Let me briefly touch on the future of office, subject being closely analyzed by our best-in-class research team. While the actual long-lasting effects of the pandemic remain unclear, there are a couple of key points I would like to highlight. The first is that the office will remain the center of the work ecosystem. We believe that the pandemic has reinforced the important role that the office can play in fostering and cultivating each company's unique culture and innovation. The second point is that employees are increasingly expecting, if not demanding, additional flexibility and the ability to choose where and how they work, leading to the doable presence of hybrid work. These demands have also been coupled with health, wellness and safety becoming top of mind for employees.
As a result, employers are now increasingly evaluating holistic approaches to address these demands, which often require considerable investment into existing and new office space. We imagine workspaces which serve to not only attract and retain employees but also enhance their sense of safety and well-being are becoming a new currency in the war for talent. This leads me to conclude that the initial net impact on future space demand and footprints for investment-grade office buildings will be relatively minor. We believe that the combination of growth from job creation, dedensification and the addition of collaboration space will broadly offset any anticipated reductions in workspace as companies continue to embrace hybrid work models.
Furthermore, we believe that given the world-class capabilities of our project management business, we are well positioned to benefit from accelerated demand for these services as we assist our clients as they embark upon these transformations. The increasing complexity required to create these global integrated workplace transformation will in turn demand more technology across not only the operations of the building but the entire ecosystem. We are encouraged that our significant investment in technology and our desire to provide client access to leading-edge technology results in a significant competitive advantage.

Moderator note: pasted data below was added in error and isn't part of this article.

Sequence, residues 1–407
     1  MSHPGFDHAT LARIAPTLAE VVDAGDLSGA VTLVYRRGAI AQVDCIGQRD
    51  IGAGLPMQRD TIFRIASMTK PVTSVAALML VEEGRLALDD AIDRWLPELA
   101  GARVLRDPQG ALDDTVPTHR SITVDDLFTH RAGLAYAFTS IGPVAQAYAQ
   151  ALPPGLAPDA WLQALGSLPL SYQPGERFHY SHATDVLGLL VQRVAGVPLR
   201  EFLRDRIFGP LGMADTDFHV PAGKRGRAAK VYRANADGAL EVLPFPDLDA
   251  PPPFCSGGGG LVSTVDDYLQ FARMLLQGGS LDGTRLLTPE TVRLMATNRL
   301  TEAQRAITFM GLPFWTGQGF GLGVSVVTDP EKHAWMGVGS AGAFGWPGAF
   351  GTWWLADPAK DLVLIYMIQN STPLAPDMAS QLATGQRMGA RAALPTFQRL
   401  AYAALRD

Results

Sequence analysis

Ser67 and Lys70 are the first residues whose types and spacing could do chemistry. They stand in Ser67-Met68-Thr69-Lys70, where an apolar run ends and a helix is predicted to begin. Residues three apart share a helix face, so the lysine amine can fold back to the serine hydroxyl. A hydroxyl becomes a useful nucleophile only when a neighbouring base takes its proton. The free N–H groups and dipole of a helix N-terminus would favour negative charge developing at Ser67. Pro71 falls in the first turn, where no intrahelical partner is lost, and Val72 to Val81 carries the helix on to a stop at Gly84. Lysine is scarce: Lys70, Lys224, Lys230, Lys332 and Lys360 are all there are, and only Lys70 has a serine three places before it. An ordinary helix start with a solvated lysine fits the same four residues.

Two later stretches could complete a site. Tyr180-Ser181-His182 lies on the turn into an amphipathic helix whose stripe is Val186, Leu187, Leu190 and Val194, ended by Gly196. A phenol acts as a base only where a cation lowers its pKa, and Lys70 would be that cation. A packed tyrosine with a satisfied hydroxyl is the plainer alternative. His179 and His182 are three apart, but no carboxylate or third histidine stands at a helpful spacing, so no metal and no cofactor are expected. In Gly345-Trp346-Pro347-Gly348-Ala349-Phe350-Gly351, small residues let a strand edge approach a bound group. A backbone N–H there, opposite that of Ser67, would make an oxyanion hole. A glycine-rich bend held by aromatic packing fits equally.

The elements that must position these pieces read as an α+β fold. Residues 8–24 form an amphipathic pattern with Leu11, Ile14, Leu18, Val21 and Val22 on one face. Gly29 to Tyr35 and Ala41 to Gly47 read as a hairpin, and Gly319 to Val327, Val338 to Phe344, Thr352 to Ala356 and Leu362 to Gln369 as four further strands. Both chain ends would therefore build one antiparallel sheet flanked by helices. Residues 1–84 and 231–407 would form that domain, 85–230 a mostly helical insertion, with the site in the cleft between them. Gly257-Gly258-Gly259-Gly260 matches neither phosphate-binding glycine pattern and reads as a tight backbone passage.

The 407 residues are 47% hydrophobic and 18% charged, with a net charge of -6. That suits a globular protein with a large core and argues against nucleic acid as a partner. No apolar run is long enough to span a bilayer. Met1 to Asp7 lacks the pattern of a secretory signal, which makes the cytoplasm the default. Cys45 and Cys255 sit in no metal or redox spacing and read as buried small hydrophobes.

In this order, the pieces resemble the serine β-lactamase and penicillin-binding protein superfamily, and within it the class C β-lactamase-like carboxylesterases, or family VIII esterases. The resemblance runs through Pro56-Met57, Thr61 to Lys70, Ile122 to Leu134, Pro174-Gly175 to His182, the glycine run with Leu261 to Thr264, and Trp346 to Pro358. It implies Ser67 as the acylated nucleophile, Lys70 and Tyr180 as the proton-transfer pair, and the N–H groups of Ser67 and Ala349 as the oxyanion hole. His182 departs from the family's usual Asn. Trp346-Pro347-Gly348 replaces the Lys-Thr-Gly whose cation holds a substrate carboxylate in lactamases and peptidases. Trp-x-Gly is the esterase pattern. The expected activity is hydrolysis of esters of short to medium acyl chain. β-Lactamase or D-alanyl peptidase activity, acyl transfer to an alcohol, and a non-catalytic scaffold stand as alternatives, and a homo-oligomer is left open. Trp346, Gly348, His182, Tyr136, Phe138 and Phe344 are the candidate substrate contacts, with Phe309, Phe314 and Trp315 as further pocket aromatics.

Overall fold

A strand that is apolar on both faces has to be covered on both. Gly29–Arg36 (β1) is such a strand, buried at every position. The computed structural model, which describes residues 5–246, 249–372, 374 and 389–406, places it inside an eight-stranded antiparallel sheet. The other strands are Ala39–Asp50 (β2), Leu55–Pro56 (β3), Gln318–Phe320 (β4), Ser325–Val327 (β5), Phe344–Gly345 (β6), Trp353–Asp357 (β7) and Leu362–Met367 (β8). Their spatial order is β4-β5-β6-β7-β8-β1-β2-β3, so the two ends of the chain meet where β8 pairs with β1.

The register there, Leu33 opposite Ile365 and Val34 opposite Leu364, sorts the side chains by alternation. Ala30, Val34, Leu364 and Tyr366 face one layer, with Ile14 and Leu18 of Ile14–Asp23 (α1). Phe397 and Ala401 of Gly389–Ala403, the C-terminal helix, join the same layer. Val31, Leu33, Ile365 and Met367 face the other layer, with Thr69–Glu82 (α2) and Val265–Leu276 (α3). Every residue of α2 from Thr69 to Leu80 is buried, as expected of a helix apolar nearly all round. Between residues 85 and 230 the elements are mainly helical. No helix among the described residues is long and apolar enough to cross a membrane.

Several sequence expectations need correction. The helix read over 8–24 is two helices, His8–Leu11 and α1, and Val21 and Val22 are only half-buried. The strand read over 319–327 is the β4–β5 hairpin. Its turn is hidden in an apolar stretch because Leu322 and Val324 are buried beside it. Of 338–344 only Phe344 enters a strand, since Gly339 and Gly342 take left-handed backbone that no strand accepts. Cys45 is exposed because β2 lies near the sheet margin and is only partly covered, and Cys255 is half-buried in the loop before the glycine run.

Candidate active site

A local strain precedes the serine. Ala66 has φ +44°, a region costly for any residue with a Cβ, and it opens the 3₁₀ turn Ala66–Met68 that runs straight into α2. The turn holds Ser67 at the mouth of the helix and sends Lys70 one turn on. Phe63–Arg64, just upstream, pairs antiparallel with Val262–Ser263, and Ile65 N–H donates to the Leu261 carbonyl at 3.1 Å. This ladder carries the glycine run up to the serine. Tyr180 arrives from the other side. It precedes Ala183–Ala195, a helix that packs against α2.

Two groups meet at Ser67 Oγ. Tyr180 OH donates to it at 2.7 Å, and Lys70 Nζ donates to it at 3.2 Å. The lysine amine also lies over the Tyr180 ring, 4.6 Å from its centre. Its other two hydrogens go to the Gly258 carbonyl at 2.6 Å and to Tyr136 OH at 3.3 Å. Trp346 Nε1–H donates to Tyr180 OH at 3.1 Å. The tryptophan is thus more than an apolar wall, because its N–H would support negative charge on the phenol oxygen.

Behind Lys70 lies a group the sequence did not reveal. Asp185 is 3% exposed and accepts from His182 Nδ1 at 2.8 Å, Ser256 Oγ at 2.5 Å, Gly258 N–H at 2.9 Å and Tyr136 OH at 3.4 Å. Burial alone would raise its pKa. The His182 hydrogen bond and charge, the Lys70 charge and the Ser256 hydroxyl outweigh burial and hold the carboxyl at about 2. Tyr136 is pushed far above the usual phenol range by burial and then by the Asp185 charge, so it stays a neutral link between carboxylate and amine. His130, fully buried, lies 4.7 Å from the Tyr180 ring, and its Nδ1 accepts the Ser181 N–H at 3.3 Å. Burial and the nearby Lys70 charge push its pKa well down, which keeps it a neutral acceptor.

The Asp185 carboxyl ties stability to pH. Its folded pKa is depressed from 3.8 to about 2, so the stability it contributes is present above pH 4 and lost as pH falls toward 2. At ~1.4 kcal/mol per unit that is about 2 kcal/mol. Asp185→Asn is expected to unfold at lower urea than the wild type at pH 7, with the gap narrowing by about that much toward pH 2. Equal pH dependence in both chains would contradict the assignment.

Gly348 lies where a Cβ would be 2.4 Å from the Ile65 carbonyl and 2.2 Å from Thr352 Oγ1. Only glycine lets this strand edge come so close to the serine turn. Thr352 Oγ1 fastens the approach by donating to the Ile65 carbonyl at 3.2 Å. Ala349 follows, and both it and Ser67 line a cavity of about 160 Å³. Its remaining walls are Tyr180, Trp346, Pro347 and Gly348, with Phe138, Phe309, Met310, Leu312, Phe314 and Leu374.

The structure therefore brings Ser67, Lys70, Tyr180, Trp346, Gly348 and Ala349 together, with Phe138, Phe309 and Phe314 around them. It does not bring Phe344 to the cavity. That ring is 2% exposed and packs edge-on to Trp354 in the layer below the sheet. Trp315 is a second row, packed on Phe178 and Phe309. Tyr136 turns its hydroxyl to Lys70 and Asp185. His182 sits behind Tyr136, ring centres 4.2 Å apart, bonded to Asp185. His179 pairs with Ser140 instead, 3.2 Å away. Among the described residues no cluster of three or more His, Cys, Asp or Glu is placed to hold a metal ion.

The power of data leading to better decision-making will allow JLL to be in the center of this ecosystem. We continue to work diligently with our clients as a strategic adviser as they transition to the new post-pandemic normal and assist in the development of hybrid work models centered around employee satisfaction and productivity.
Turning to the market environment. Transaction activity saw sharp recoveries across the world. JLL's research reports that the tentative signs of improvement in global office leasing activity witnessed in the first quarter have solidified and continued throughout the second quarter. Quarterly global leasing volumes were 44% higher than a year ago. However, they are still 36% below Q2 2019. Across all the 3 regions, quarterly leasing volumes are below where they were in 2019 with the U.S., the hardest hit at a 44% decline, while Europe and Asia Pacific recorded declines of 32% and 21%, respectively. Our tenant pricing conditions persist in most markets. We are seeing a noticeable stabilization and headline rates.
The recovery across capital markets broadened in the second quarter with global transaction volumes marking a 103% increase on the trough a year ago and a 2% increase from Q2 2019. Each region posted significant year-on-year gains in transaction volumes with activity is particularly robust in markets with sectorial diversity and opportunities of scale. Allocations to the real estate sector are strengthening as lender diversity and risk appetite trend towards pre-pandemic normalcy.